The outside voltage should be what the battery needs and center needs to be 0.6 volts higher.

If no difference it may be an electronic magic via MOFFET or other solid state devices.

Main thing here is document what you have when working properly.

If it is diode type the alternator voltage needs to be adjusted higher or special wiring to sense battery voltage.

Spare time project is to confirm exactly what you have so when the alternator takes a dump you can get correct one.

Tony ' s law states if you know it may be different and do not note it yiu will need to have done so but if you take the time now you will never need it...Unless you loose the notes...
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Old 01-09-2016, 10:47 AM   #8
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What does this thing do??

OvrLand Flyr
That's a 200A "solid state"/"diode based" battery isolator
See: Battery Isolator | Isolator for Multiple Batteries | Waytek Wire - Page 1 of 2
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Old 01-09-2016, 12:44 PM   #9
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Overland,
Welcome to IRV2. You should check your chassis batteries, electrolyte and charge. The battery voltage dropping like yours did when you turn the key is a sign of a dead battery.
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Old 01-09-2016, 01:24 PM   #10
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Overland,
Welcome to IRV2. You should check your chassis batteries, electrolyte and charge. The battery voltage dropping like yours did when you turn the key is a sign of a dead battery.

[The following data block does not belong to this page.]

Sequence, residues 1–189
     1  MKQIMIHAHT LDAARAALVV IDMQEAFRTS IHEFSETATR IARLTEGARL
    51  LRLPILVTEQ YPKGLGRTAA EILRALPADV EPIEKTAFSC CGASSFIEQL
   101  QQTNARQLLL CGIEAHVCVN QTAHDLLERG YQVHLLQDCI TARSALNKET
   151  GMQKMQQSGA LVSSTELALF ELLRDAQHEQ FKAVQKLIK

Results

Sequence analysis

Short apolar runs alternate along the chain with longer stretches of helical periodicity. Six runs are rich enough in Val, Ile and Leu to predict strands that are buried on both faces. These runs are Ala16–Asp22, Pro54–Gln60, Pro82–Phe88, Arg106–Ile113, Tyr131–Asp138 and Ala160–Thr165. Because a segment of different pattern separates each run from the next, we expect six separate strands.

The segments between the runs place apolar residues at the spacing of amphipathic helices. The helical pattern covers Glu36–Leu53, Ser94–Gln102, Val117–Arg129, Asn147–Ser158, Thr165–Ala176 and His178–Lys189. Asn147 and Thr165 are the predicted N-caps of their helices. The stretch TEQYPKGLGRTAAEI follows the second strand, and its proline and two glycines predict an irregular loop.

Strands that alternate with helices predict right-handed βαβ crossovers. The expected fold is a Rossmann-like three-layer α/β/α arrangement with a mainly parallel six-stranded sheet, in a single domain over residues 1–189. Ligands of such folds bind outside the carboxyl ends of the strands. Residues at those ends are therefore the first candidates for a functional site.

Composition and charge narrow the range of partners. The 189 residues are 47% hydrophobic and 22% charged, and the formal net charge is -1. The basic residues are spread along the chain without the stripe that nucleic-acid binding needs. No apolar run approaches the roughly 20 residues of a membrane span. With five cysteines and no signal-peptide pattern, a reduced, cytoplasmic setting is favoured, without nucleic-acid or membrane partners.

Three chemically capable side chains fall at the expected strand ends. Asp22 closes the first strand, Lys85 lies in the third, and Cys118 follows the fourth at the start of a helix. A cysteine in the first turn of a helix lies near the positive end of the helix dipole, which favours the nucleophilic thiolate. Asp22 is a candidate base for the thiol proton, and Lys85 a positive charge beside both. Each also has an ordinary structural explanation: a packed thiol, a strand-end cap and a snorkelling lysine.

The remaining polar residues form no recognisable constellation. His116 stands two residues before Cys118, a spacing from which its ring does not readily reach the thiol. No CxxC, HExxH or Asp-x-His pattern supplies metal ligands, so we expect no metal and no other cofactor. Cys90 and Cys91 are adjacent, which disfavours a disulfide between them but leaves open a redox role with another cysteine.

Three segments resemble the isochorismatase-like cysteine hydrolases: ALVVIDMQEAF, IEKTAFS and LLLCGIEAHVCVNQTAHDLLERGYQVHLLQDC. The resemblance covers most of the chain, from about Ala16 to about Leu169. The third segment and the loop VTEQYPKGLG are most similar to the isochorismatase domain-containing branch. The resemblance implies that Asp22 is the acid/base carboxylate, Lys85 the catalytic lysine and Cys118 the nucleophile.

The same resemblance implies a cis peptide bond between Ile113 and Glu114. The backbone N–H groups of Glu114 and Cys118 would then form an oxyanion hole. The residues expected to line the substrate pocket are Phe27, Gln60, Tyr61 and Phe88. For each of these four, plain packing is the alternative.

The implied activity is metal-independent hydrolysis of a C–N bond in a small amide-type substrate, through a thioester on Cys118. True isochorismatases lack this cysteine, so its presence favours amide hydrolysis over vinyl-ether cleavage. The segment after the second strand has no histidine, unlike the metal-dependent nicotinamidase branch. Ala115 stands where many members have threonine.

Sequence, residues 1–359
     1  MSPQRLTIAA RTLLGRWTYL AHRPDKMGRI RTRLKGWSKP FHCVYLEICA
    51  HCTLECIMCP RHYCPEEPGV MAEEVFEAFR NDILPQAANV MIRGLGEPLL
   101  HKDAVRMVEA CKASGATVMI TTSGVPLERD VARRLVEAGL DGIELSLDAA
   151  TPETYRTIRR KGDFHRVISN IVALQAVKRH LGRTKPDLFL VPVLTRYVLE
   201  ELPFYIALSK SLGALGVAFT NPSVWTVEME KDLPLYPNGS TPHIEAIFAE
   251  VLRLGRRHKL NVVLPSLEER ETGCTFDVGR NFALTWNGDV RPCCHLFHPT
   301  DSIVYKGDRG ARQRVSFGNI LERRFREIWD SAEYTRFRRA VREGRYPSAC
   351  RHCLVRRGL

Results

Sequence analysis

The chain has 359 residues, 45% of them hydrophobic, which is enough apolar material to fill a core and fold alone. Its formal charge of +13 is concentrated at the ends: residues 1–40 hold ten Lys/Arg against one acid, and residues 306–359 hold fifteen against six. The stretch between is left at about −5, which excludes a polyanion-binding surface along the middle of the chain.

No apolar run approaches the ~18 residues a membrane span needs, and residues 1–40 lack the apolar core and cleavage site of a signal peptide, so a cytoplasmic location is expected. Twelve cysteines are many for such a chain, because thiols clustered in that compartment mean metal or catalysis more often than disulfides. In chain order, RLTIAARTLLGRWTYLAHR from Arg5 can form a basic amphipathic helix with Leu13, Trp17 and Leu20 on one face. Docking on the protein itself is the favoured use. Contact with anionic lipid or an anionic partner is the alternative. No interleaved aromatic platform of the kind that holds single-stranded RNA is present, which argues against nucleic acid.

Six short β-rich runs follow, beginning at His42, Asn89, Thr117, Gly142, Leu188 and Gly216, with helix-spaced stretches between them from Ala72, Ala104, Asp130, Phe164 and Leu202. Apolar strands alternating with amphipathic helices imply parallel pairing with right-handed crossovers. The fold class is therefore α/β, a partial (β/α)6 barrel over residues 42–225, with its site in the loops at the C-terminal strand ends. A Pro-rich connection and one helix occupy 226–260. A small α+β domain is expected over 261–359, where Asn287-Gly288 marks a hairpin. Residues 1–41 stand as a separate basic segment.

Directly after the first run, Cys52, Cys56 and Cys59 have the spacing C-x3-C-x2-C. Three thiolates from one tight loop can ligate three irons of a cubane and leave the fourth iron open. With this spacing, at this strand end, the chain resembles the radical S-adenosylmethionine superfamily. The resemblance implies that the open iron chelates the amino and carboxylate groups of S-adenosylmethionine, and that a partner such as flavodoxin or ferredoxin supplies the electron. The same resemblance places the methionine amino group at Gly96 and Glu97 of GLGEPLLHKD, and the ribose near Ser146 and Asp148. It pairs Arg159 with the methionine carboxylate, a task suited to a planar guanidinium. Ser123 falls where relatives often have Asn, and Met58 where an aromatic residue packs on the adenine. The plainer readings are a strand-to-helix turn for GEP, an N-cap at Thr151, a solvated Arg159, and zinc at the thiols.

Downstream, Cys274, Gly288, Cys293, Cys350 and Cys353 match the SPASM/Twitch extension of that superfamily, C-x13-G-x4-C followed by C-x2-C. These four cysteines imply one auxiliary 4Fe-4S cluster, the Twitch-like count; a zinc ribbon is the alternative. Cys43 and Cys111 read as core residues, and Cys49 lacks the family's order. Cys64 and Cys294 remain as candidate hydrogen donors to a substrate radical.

I checked the chassis batteries this morning after removing shore power that was on all night....disconnected all cables and got a reading of 12.18V on each chassis battery. Re-connected all cables and re-checked the same.

Before start with the key on and waiting for the start light to go out, the voltmeter read between 8-9 volts...



Once the start light went out, I cranked the engine (without using house batt assist) and the engine turned over real strong and started up just fine. After letting it idle for a minute or so, I cranked up the idle speed to about 1000RPM and went to the battery compartment to check voltages.
Chassis Batts - 13.3V
Alternator - 14.3V
Isolator output studs - 13.4V (see pic in first post)
Picture below shows the gauge reading after all this...I interpolate based on the numbers on the gauge that it reads about 12V...


Do I just have a bad gauge maybe??
Why such a voltage drop coming out of the isolator?
Is 13.4V enough to charge the batts properly??
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Old 01-09-2016, 01:39 PM   #11
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Well, that's the thing with isolators. They charge, but a bit slower then combiners. The alternator regulator may be adjustable and need to be turned up.

Check the voltage after a long run to see it it goes up. The batteries may be low.

The reason your voltage drops when first tuning the key is an electric pre-heat system that uses quite a bit of energy. They time out and shut down after a while.
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Old 01-10-2016, 06:42 AM   #12
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I checked the chassis batteries this morning after removing shore power that was on all night....disconnected all cables and got a reading of 12.18V on each chassis battery. Re-connected all cables and re-checked the same.